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Migraines and other diseases that dogs can detect

Beagles are especially known for being particularly loyal and observant companions. Stacey Hardman’s brats Snoopy and Daisy are no exception.

They keep a close eye on the window. Any unknown animal, noise or sudden outward movement causes ‘loud, energetic and dramatic’ barking, Hardman says.

Hardman has realized over the years that Snoopy and Daisy also pay close attention to what is happening. within the house, including how she feels.

Just before he gets migraines, the dogs start behaving differently.

Even the tone of their bark changes.

“It’s going from ‘I want to get you’ to ‘Going away,'” Hardman explains. “They also cling to me more, lie close to me and are more careful with my movements.”

Hardman is convinced that her dogs know she is getting migraines even before she does.

By paying close attention to the beagles’ behavior, she now gets a head start before the pain strikes, which helps her manage her migraines better.

Why dogs can respond to migraines

Can dogs really expect migraines in humans? The science on this is not solid.

But Hardman’s experience is not uncommon.

In a survey-based study of people who get migraines, more than half said their dog was more observant before noticing their own symptoms.

“Dogs are very sensitive to changes in our behavior and to changes in our smell,” says Alexandra Horowitz, PhD, an expert in canine cognition at Columbia University in New York and author of several books on the subject.

“Often something indicates’ wrong ‘with us,’ says Horowitz. ‘But it is not clear that the dogs identify it as wrong. They simply see that something is very different. ”

Stories similar to those of Hardman are not difficult among dog owners who deal with migraines.

Shalini Buckel of Durham, NC, says when a migraine was in full swing, her dog Taosi would jump up and start licking her right eye. Buckle gets the most migraine pain on the right side of her head.

Janet Terranova of Portland, OR, says her dog Lily stops what she’s doing, comes up to her and starts licking and pawing.

She believes Lily does not respond as much to migraines as to the pain in her voice and her tears.

The idea that dogs experience changes in your voice during a migraine has scientific support. There is evidence that an area in the brain of dogs is particularly sensitive to the sound of one’s voice and to sudden changes in it.

And migraines are not the only health condition that dogs can notice.

Based on medical research, dogs can pay attention to:

  • Symptoms of skin, colon or lung cancer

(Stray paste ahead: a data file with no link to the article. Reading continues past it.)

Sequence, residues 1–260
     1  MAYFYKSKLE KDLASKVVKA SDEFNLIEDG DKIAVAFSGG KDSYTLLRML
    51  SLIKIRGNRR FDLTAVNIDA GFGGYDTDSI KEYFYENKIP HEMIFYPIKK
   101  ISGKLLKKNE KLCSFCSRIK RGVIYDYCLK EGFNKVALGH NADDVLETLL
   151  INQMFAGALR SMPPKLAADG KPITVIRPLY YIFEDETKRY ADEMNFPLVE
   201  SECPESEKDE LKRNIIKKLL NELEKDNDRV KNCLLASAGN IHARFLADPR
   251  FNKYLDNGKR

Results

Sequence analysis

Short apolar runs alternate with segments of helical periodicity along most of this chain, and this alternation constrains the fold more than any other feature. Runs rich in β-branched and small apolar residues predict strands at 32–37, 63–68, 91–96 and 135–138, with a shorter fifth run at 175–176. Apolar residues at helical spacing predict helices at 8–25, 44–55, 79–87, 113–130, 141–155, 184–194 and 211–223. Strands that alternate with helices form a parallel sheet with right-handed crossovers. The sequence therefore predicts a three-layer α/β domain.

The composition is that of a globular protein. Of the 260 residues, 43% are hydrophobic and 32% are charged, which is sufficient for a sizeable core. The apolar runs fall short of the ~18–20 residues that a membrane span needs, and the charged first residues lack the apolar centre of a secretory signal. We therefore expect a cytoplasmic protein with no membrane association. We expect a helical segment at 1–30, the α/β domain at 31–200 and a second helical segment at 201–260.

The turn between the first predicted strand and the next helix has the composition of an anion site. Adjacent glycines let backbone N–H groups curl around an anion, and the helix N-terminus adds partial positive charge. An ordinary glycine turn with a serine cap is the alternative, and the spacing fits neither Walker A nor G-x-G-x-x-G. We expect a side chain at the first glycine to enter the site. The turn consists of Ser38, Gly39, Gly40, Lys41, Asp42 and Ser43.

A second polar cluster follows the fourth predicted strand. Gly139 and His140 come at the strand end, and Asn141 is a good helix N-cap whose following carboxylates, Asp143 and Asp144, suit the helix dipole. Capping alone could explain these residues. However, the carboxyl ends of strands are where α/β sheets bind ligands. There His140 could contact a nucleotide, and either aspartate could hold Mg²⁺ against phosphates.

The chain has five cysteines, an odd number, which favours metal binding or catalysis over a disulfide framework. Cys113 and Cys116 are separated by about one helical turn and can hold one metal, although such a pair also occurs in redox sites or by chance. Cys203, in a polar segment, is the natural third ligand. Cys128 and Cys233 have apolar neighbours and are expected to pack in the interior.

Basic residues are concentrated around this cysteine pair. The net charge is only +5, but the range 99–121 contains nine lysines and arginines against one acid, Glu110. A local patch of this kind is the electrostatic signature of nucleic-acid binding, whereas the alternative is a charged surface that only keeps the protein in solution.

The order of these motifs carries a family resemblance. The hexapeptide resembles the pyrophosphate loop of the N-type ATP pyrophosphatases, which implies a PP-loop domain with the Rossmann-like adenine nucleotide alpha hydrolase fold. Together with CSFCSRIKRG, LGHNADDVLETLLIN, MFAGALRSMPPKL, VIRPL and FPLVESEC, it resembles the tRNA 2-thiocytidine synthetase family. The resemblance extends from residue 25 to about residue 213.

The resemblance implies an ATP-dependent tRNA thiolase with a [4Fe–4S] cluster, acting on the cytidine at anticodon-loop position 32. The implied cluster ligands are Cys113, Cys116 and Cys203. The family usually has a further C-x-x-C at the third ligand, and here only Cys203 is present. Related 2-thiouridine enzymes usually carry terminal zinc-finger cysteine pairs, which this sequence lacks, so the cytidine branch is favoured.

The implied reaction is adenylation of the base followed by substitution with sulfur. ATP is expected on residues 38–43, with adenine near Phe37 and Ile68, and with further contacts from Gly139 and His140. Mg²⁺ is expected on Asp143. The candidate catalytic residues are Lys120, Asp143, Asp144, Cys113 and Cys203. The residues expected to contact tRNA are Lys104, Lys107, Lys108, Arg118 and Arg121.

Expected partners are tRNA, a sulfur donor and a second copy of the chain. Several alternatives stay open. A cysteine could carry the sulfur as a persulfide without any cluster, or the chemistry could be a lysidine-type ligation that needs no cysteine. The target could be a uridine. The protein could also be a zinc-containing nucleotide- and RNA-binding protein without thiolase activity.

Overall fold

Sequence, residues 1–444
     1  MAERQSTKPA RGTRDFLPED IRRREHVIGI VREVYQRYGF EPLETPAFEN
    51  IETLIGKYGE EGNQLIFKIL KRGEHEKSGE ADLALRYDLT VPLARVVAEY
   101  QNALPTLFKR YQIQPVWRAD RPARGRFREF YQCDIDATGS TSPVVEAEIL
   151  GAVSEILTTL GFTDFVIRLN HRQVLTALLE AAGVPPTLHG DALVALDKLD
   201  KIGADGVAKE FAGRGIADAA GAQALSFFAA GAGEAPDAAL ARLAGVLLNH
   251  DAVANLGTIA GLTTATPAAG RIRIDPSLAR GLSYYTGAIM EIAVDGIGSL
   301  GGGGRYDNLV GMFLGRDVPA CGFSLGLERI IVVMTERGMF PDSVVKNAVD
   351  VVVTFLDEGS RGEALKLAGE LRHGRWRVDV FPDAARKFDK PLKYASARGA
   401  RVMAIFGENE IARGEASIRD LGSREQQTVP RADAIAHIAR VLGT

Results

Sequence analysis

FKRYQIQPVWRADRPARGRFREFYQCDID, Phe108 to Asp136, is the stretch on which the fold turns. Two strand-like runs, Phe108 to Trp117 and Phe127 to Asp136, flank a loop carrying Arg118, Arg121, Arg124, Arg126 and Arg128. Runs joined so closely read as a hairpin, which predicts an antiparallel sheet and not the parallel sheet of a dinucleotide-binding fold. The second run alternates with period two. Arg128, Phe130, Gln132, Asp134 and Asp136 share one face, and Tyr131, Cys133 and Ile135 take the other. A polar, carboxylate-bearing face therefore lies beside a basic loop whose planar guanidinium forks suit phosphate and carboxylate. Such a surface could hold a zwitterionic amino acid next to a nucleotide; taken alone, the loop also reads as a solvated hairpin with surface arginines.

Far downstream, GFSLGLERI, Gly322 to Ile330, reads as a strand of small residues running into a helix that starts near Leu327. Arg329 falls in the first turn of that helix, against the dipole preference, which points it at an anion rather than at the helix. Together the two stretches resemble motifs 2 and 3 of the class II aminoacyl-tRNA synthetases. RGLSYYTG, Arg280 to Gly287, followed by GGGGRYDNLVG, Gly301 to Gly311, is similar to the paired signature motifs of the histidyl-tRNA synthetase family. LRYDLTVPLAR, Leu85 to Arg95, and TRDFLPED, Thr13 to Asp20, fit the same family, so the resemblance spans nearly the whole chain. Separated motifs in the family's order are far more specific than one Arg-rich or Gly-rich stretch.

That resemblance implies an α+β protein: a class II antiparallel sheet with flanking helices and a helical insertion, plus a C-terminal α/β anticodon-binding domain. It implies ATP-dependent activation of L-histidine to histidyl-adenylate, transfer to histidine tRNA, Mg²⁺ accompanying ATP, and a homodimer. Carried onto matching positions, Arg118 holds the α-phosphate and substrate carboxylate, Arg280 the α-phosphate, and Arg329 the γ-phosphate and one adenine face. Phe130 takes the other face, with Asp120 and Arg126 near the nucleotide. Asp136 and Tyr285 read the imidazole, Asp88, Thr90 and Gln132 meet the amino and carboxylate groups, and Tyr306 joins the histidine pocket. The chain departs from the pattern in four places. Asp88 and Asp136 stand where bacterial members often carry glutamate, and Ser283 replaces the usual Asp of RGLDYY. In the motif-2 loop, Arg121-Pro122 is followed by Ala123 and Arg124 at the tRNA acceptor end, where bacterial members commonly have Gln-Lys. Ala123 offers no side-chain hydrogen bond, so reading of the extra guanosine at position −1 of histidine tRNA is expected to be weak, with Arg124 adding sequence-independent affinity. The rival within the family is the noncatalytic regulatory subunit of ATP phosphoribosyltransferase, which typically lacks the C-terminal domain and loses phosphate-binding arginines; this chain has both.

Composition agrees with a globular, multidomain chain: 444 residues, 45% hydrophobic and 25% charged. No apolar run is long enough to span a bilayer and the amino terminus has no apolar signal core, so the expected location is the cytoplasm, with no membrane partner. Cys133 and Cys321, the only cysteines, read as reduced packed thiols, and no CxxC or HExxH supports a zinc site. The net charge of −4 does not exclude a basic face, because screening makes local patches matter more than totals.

• Low blood sugar in people with diabetes
  • Epilepsy
  • Melanoma

Researchers are also investigating whether dogs can sometimes expect the symptoms.

Can dogs be trained to help with migraines?

If a dog notices your migraines, can he be trained to help you deal with them?

Horowitz thinks so, but says that this kind of training does not just take an afternoon.

Jennifer Thornburg trains service dogs for a company called Compass Key. She is working with several dogs to detect signs of migraines. But more often she teaches them to respond to attacks, anxiety and other human conditions.

There are no guarantees a dog will succeed, she says. The challenge lies partly with you in identifying an idea on which your dog can be trained to respond.

It is not clear what dogs detect when it comes to migraines. It could be a smell, Thornburg says. Or it could be a blank look or a change in body position that is frequently associated with your migraines.

Part of her training in these situations is to notice and reward the way a dog responds to migraines with special attention and treats.

Even if your dog cannot expect your migraines, he can still help.

For example, says Thornburg, some service dogs are trained to fetch a medical bag when their human is in distress. And of course, dogs reward people every day by offering closeness and company.



Alexandra Horowitz, PhD, Professor of Psychology, Barnard College Columbia University.

Current biology: “Voice-sensitive regions in the dog and human brain are revealed by comparative fMRI.”

Jennifer Thornburg, service dog trainer, Compass Key.

Journal of Alternative and Complementary Medicines: “Examination of migraine sufferers with dogs to evaluate on canine migraine warning behavior,” “Canine responses to hypoglycemia in patients with type 1 diabetes,” “Sniffer dogs are a reliable approach for the diagnosis of SARS-CoV-2- infection?”

Seizure: European Journal of Epilepsy: “Seizure dogs: a review and preliminary study.”

Stacey Hardman, Wheeling, WV.

Shalini Buckel, Durham, NC.

Janet Terranova, Portland, OR.

© 2021 WebMD, LLC. All rights reserved.

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